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Tobacco CEO Wants Company to 'Leave Smoking Behind'

The British government wants to be 'smoke-free' by 2030.

The chief executive of Philip Morris International (PMI) says the company will stop selling cigarettes in Britain in the next decade.

“Our objective is to fully leave smoking combustible cigarettes behind and become, one day, a smoke-free company,” said Jacek Olczak in a video from The Daily Mail.

I think in the UK, ten years from now maximum, you can completely solve the problem of smoking,” he said.

The Daily Mail notes that “those who want to continue smoking will be encouraged to switch to modern alternatives such as e-cigarettes or heated tobacco devices, which are considered less harmful.”

In July of 2019, the British government announced its intention to make the nation smoke-free by 2030. This included “an ultimatum for [the] industry to make smoked tobacco obsolete” by that time. In a green paper marking the announcement, the Department of Health and Social Care noted that smoking rates “remain stubbornly high in certain groups,” such as Blackpool pregnant women, manual laborers, people who identify as LGBT, and people with a mental health condition. 

The government estimated in 2015 that care for smoking-related health issues cost the British National Health Service £2.6 billion.

Philip Morris International, a Swiss-American tobacco company that split from the American corporation Altria in 2008, “already sees smoke-free products accounting for nearly 30% of total net revenue, up from nearly 0% six years ago. The company believes it can make smoke-free products 50% of total net revenue by 2025,” reports Fox Business.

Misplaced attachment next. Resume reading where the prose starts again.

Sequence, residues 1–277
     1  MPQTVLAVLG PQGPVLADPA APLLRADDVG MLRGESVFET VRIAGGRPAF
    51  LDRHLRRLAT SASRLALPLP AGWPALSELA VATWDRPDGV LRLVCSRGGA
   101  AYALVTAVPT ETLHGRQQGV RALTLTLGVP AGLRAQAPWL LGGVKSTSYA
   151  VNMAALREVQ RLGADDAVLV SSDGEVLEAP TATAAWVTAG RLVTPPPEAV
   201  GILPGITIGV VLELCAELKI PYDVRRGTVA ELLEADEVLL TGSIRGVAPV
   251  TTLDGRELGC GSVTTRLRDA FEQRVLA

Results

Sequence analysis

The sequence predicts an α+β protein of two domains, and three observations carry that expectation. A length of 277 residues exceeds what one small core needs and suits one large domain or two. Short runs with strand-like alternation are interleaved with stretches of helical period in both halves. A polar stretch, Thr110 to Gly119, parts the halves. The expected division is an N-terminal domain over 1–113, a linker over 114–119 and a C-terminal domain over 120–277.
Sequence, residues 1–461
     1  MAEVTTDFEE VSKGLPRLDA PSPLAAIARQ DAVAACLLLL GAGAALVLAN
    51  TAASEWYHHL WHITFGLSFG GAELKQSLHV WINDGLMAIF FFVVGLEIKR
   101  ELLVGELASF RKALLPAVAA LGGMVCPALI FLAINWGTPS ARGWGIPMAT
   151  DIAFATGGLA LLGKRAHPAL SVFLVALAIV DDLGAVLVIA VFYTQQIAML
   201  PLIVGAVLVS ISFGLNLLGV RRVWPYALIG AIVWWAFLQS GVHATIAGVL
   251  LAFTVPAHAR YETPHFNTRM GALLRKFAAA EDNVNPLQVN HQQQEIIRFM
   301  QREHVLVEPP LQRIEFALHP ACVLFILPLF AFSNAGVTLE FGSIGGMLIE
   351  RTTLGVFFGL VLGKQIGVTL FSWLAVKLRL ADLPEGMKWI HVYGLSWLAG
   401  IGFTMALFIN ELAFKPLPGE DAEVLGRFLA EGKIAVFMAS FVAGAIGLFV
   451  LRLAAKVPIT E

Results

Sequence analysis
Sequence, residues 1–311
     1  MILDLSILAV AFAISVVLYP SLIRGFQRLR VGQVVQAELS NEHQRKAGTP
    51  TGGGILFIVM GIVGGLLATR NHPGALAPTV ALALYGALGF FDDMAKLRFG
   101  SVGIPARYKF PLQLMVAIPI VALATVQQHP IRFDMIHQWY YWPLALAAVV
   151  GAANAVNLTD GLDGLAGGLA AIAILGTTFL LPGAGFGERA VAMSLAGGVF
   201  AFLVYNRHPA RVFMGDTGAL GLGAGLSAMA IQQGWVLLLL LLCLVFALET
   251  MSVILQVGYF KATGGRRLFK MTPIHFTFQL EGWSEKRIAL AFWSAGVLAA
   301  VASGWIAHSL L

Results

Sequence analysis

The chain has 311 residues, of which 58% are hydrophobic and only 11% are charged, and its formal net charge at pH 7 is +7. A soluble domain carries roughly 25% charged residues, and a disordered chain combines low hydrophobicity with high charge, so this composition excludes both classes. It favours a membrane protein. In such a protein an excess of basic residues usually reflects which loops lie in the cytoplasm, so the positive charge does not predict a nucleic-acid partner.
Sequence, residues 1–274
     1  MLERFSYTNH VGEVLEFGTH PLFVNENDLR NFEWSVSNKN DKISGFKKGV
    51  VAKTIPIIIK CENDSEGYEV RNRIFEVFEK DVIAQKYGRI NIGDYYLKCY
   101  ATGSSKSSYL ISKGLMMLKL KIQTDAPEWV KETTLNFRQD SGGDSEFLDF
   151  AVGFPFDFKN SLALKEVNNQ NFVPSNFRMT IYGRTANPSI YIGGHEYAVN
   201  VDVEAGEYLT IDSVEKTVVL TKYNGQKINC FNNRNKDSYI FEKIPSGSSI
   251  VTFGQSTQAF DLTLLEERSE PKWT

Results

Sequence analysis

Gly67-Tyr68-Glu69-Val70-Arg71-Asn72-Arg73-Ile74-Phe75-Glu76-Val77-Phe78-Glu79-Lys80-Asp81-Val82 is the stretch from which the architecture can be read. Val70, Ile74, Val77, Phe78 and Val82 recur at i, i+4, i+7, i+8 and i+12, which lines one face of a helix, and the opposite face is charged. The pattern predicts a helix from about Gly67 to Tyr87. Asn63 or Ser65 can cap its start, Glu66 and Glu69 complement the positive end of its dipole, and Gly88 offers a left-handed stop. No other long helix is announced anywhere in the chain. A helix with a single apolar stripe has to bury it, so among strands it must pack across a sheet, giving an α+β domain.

The iconic Marlboro cigarette may be the most well-known PMI product. Philip Morris and the advertising agency Leo Burnett Worldwide revamped the cigarette brand with ‘Marlboro Man’ advertisements beginning in 1955. 

“Marlboro was founded as a women’s cigarette brand before it was repositioned as a masculine product with a rugged cowboy feel and personality,” notes The Irish Times.

By 1972, Marlboro was the world’s leading cigarette brand. But soon, according to Olczak, “it will disappear.”

PMI came under fire last week after it purchased the British pharmaceutical company Vectura Group for $1.2 billion. Critics, including anti-smoking groups and the government, believed “a tie-up between a tobacco company and a company specializing in inhaled medicines for conditions such as asthma to be unfit,” says CNBC.

Addressing the controversy on ‘Closing Bell,’ Olczak said “Nothing and nobody will stop us in our transformations to leave smoking behind.”

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